New Zealand cricket has adopted the "if you can't beat 'em, join 'em" philosophy, sending an SOS to the great Wasim Akram after being humiliated by the reverse swing of fellow Pakistani Shoaib Akhtar in the seven wicket loss in the second Test which ended here Tuesday.
New coach John Bracewell and captain Stephen Fleming raised the prospect of bringing in the retired Pakistani seamer after Akhtar's devastating match-winning haul of 11 for 78 ensured Pakistan the Test and the two-match series.
Akhtar achieved figures of 17 for 89 from the two Tests against New Zealand, whose batsmen failed to get to grips with his extreme pace and swing.
Input from Akram would be invaluable, Fleming said.
"Why not go to the best, and if we can get him, great," Fleming said.
"Certainly if we can get the best players in the world at that skill, then it'd be great to learn."
New Zealand have some useful exponents of reverse swing to call on, namely injured star Shane Bond and former Test players Danny Morrison and left-armer Geoff Allott.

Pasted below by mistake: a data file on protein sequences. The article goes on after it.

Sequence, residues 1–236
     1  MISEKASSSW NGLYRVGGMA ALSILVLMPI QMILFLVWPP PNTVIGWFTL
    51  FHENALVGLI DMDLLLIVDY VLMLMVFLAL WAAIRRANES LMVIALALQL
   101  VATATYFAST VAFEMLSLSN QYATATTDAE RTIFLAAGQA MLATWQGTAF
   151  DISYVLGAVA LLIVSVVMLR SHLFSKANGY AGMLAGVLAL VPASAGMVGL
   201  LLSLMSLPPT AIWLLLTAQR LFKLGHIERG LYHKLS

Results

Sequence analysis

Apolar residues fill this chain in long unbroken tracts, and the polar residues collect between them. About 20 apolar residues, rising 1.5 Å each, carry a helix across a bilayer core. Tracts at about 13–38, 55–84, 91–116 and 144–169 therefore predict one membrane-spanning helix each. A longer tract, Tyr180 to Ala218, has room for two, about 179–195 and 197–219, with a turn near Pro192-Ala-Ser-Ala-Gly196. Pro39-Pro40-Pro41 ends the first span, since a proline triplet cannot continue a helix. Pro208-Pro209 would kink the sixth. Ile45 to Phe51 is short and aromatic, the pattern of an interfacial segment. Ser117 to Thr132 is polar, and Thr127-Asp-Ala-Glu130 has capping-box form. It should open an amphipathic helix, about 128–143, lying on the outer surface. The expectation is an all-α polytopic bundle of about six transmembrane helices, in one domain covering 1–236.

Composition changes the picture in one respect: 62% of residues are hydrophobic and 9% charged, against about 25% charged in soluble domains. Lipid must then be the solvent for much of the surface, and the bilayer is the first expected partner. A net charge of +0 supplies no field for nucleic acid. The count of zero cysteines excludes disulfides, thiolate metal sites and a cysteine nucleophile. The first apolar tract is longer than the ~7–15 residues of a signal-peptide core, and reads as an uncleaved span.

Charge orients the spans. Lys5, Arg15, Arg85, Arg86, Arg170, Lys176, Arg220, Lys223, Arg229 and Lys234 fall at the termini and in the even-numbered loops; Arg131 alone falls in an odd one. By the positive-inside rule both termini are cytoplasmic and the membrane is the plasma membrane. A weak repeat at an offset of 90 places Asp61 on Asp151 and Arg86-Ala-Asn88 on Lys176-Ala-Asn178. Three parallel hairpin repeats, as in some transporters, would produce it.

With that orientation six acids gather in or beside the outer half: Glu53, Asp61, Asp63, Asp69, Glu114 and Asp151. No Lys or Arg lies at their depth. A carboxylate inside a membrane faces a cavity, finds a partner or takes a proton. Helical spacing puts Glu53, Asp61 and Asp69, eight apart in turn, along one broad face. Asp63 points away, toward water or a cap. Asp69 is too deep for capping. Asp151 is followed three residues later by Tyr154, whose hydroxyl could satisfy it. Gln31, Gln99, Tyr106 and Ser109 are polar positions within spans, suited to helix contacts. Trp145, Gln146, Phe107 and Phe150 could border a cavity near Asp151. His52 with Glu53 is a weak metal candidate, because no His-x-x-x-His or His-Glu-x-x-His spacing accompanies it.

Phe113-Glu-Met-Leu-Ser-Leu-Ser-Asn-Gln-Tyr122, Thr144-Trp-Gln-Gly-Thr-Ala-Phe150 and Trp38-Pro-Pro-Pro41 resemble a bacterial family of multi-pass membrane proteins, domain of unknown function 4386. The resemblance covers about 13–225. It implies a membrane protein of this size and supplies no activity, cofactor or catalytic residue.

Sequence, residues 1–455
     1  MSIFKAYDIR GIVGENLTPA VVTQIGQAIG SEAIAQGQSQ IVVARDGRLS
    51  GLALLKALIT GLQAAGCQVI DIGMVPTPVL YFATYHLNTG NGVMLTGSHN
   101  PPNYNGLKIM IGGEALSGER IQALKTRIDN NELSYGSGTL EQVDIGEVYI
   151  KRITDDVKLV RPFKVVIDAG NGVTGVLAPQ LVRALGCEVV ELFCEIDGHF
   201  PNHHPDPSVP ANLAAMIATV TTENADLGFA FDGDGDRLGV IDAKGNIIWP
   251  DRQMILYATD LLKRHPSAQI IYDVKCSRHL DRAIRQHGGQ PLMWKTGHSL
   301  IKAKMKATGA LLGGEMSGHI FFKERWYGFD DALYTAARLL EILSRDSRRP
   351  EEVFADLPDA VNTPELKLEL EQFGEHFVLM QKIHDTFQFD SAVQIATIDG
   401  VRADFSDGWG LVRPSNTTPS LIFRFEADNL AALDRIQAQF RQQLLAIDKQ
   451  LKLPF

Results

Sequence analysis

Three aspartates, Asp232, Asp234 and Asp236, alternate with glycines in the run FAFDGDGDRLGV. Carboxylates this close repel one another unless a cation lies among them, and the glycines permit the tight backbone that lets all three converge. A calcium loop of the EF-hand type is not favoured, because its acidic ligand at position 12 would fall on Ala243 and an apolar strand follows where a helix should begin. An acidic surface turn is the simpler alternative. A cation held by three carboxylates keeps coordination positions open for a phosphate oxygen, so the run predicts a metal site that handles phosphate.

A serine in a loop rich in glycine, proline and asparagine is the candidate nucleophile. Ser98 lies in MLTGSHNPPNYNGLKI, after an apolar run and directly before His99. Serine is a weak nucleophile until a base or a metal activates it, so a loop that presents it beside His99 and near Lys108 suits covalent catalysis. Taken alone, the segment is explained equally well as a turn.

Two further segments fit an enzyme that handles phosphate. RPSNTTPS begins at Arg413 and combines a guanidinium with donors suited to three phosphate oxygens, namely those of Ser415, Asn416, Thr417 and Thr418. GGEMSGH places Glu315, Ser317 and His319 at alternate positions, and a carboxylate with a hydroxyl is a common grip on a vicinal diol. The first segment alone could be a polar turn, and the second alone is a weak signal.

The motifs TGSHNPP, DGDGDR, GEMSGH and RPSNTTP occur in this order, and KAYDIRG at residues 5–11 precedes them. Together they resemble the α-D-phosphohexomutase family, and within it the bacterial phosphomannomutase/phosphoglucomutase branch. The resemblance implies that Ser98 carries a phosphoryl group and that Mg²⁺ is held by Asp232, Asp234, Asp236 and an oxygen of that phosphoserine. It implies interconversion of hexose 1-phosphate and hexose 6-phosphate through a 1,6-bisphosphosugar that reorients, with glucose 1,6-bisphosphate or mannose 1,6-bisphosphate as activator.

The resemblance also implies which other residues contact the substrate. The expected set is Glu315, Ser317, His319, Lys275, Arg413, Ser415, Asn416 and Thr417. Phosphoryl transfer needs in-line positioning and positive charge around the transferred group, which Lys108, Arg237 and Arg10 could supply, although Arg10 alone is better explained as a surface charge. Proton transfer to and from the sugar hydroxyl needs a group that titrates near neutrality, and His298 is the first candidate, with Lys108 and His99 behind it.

But Akram is the master, with 414 test wickets and 502 one-day scalps before his retirement this year.
He unwittingly caused a stir in Pakistan last month when Indian media reports said he had been enlisted to help India's bowlers on their tour of Australia.
That came to nothing but Akram didn't rule out helping bowlers from other countries.
Fleming said it was a vexing issue, with only Bond and perhaps Ian Butler providing New Zealand's batsmen with reverse swing workouts.
"We don't get exposed to 150kmh inswingers that often. It's very hard to get facilities to practice that.
"I don't think it was application or commitment that was missing, it came down to skill issue."